Auburn gymnast Samantha Cerio’s horrific accident during her final competition catapulted her to reluctant viral fame, but she’s ready to move on from gymnastics and start the rest of her life.
Cerio dislocated both of her knees and tore multiple ligaments while landing a handspring double front at a regional competition last week, and a video of the landing went viral. But Cerio isn’t the type of woman to let any of that get in her way. She gave her first interview since the accident to “Today” on Monday, and she continued to have an unfailingly positive attitude about what’s happened to her.
Seated in a wheelchair and wearing a big smile, Cerio told the “Today” hosts that she’s “really excited” about her future, because she has “so many positive things coming up.” She considers her dual knee injuries just “a small setback ... just another thing to get through.”
For Cerio, the routine she started on that fateful day was just another routine. She had no premonition that anything would happen, and everything was normal — even her pre-routine jitters. As she was doing that tumbling pass, she felt that something was slightly off, but she’d always been able to “pull it back” in the past. And even when she landed, she didn’t immediately know anything was wrong. She didn’t start to feel any pain until she looked down and saw what had happened.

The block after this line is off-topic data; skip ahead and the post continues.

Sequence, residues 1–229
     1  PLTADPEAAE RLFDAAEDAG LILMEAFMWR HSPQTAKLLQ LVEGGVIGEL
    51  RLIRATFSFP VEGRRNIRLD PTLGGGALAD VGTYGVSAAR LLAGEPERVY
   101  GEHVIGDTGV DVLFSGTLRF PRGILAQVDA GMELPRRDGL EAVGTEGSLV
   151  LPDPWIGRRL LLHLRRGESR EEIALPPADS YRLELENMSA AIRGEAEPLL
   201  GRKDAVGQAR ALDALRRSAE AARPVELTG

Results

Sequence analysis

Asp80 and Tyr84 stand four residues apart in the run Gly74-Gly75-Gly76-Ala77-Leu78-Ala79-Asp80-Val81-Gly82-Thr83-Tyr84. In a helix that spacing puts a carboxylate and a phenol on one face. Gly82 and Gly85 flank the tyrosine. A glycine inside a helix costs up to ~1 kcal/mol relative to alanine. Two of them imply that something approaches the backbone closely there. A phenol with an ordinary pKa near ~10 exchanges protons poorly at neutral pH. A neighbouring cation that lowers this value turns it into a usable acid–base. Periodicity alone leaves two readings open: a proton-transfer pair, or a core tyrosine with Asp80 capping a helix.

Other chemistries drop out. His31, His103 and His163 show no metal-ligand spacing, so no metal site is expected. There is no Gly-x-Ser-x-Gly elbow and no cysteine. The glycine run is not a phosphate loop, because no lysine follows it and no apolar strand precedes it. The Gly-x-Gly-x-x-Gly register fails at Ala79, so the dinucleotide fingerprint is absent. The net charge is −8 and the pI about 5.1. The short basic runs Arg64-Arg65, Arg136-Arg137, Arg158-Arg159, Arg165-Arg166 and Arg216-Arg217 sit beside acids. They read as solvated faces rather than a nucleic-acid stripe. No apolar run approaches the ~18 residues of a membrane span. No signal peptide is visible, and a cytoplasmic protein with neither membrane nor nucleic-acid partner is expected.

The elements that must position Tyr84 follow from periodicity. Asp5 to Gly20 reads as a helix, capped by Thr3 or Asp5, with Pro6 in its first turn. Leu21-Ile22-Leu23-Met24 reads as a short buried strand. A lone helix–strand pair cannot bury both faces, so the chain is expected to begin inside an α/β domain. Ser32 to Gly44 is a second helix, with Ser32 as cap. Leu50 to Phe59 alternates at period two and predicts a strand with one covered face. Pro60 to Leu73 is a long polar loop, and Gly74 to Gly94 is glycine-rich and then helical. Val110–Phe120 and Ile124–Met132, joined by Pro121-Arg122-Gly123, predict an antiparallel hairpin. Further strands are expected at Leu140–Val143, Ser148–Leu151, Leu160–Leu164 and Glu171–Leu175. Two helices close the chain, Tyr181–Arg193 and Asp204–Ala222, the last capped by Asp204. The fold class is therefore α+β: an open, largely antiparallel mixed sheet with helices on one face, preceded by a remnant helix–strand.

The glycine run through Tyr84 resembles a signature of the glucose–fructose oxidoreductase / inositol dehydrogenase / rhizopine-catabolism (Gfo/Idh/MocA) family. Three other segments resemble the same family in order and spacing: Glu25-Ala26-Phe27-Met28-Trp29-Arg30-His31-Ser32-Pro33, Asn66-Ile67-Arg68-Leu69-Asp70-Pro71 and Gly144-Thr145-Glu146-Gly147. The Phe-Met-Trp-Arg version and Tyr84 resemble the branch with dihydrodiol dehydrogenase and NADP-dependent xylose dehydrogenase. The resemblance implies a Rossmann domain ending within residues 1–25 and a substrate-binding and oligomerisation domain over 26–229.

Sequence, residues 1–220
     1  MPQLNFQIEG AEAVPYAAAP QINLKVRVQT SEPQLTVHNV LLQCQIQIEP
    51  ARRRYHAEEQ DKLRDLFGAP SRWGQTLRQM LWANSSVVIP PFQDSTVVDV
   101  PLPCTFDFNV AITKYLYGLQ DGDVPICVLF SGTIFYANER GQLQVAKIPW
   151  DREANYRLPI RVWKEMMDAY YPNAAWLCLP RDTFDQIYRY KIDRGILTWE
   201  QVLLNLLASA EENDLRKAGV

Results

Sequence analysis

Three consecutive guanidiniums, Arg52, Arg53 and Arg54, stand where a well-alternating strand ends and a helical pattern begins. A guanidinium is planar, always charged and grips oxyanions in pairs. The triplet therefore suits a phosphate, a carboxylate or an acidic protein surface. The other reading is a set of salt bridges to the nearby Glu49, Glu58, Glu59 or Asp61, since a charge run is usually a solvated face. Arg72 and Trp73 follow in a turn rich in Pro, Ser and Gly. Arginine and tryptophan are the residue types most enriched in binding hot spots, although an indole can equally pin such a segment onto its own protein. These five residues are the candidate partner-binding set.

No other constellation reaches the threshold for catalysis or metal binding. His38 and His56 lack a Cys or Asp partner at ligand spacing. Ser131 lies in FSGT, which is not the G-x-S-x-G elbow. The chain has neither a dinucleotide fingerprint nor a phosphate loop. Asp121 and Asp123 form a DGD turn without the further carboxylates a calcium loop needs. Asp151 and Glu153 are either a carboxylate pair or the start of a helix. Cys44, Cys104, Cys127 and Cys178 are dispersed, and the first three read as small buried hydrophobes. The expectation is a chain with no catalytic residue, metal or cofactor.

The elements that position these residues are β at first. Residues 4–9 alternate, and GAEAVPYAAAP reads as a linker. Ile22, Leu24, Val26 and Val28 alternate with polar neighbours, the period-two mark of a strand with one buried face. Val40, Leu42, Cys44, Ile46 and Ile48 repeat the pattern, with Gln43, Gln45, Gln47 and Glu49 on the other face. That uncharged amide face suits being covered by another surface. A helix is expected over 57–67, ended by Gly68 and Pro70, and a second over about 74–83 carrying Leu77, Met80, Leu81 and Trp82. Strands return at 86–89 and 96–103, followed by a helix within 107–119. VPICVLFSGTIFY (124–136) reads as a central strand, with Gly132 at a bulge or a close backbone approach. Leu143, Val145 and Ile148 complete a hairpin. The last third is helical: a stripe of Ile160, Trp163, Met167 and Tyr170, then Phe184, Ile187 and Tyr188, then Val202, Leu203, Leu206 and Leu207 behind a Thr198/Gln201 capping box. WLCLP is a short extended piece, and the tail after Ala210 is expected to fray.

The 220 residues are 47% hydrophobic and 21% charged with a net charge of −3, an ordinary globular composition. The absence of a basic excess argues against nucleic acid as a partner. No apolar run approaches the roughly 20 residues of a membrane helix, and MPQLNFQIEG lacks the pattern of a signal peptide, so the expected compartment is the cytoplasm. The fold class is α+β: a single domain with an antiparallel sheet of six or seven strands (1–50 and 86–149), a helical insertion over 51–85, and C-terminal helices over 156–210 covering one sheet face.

Cerio credits her family, friends, teammates, and coaching staff for helping her maintain a positive attitude.
“Everything I’ve done and trained for, at least at Auburn, has been for my team. And knowing I have their support behind me 100 percent no matter what happens, that’s always helped me.”
Cerio also addressed the video of her gruesome accident going viral. She tweeted last week that “my pain is not your entertainment,” and she believes that by doing that, she’s made others more aware of the real people behind tragic viral videos.
“When you see something like that, you kind of want to watch it just to see what happens because you’re curious about it. But at the same time you don’t think about the people it could impact, whether it’s that person’s friends or family or that person.”
Cerio’s gymnastics career is over, but as a college senior just months from graduation, she’s about to embark on the next chapter of her life. She’s getting married soon, and she’ll be putting her degree in aerospace engineering to good use as a structural design analysis engineer working on rockets with Boeing. Her time as a college gymnast may not have ended the way she dreamed, but a bright future is waiting for her.
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